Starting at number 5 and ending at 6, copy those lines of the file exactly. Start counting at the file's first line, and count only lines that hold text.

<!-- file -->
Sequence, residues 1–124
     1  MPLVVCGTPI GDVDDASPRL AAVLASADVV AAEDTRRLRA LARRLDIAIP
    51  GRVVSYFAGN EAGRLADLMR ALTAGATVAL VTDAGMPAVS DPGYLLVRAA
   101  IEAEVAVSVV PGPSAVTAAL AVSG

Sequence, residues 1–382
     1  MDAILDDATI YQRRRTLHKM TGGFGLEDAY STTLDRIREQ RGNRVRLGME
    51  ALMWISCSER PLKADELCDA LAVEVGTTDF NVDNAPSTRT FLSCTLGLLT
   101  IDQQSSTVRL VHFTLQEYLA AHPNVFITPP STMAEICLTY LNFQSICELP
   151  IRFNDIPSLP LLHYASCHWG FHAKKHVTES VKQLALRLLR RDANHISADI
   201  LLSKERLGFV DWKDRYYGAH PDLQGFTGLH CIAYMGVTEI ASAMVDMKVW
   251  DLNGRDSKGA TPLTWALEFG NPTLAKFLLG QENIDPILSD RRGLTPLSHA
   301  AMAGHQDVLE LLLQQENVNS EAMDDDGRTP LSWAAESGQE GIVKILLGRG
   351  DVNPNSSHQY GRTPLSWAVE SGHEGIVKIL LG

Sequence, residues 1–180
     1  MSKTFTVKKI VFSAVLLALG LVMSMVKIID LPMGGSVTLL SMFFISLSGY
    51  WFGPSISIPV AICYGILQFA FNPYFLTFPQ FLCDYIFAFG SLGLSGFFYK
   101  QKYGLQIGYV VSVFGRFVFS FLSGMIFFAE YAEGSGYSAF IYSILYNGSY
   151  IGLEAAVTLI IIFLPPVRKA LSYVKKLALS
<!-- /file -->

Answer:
Sequence, residues 1–382
     1  MDAILDDATI YQRRRTLHKM TGGFGLEDAY STTLDRIREQ RGNRVRLGME